The positive results of this struggle on the part of the Embera Chamí are evident throughout the Cañamomo y Lomaprieta Resguardo. They are reflected in their autonomous legal frameworks governing both activities and the presence of external actors within their territories. They are also evident on the ground. Trees have been planted to help protect the territory and restore its eco-systems; Resguardo land has been reclaimed from landlords and ranchers, and land has been secured to limit further urbanization encroaching on community land; the Resguardo has declared itself a GMO-free zone and its seed banks provide one of Colombia’s few sources of guaranteed GMO-free seeds; indigenous guards train and mobilize to protect their territories from outside threats; sacred places have been protected and ceremonial buildings constructed; ancestral mining has been protected from large scale mining concessions and important legal victories facilitating further realization of territorial, natural resource and self-governance rights have been secured.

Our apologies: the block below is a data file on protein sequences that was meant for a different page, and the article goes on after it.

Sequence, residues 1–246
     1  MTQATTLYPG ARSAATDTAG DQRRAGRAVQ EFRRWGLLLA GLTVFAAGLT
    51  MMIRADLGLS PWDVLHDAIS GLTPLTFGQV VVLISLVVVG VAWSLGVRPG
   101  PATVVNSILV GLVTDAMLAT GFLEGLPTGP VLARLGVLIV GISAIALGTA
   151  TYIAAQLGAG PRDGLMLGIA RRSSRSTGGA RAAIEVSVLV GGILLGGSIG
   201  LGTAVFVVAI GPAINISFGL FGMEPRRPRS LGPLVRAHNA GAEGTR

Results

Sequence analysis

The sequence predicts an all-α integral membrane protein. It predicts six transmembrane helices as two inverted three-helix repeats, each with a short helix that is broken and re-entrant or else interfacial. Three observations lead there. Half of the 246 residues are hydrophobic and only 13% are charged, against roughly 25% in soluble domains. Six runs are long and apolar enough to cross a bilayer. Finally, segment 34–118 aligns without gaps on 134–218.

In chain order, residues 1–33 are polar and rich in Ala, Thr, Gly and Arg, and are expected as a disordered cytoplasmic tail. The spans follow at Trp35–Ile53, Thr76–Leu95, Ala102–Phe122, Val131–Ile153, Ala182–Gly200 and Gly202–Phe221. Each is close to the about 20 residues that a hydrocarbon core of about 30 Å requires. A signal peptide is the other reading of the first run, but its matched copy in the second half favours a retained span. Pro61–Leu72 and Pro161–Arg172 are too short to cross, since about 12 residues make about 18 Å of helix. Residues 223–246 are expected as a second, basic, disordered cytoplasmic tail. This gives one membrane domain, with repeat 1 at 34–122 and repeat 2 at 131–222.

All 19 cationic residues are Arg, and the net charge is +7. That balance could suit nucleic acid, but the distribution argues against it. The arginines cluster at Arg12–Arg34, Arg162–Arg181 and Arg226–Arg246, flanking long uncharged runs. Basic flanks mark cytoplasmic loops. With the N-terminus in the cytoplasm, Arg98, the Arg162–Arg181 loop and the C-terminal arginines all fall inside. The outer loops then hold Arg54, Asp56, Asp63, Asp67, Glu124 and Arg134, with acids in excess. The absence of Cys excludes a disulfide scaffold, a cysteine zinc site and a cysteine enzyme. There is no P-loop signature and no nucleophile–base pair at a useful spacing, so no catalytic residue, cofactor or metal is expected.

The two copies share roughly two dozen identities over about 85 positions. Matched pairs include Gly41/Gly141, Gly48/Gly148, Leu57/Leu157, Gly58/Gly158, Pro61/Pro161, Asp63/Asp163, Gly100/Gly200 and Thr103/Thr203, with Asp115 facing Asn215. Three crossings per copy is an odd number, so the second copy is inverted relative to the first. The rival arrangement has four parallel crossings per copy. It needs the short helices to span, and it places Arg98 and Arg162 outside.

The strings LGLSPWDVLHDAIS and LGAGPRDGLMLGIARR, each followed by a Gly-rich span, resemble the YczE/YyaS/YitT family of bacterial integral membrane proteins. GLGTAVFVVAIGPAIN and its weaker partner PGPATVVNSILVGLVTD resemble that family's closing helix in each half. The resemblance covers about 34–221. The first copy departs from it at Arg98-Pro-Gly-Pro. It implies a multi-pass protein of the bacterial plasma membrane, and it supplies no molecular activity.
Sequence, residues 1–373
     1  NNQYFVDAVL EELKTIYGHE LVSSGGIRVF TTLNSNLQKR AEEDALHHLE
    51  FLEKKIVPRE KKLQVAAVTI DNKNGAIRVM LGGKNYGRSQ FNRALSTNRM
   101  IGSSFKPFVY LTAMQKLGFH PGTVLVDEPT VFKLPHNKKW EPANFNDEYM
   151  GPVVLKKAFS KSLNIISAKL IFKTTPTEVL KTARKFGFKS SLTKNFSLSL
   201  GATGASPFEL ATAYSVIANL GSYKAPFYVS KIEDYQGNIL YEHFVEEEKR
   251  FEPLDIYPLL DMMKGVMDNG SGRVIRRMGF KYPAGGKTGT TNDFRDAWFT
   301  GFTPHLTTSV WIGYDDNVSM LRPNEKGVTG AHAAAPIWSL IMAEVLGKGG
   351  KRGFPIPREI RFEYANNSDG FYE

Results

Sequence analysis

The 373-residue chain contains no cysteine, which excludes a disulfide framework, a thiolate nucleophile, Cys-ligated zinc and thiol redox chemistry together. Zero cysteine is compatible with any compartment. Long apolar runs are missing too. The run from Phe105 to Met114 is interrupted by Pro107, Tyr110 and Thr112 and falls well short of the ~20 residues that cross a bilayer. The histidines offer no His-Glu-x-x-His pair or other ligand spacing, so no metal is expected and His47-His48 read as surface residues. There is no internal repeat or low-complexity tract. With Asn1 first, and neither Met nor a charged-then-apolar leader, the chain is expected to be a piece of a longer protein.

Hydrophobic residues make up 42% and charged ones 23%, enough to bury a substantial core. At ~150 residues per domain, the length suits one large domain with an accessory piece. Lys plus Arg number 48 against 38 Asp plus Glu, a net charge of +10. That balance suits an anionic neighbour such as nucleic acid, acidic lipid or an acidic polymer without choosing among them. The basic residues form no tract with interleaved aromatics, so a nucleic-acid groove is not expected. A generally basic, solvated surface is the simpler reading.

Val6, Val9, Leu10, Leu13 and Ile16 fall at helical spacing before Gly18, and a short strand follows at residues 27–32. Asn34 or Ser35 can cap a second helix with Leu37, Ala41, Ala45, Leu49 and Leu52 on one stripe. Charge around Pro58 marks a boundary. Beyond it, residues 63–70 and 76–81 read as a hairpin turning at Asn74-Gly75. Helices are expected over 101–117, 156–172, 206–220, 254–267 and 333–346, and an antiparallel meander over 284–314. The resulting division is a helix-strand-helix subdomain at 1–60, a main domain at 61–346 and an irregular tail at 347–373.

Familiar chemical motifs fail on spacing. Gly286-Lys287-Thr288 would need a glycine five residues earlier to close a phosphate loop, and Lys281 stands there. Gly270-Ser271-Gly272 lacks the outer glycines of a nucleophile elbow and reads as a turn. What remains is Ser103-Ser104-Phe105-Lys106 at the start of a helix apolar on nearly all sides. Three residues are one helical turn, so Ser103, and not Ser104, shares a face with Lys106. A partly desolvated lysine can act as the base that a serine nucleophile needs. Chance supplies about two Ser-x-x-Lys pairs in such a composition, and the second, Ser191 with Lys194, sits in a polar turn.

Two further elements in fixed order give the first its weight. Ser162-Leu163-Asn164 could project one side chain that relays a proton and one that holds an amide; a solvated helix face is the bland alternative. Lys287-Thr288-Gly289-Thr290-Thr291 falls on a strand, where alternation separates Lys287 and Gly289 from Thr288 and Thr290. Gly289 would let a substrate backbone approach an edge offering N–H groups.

All of these are momentous achievements when viewed against the backdrop of constant threats to territory and life that are a daily reality in indigenous territories in Colombia.11 At the same time, significant challenges remain to strengthen Resguardo self-governance, to protect the entirety of its territory, and to guarantee the model of development chosen by the communities. Not least among these challenges is the ever-present threat to the lives of the Resguardo leaders and community members.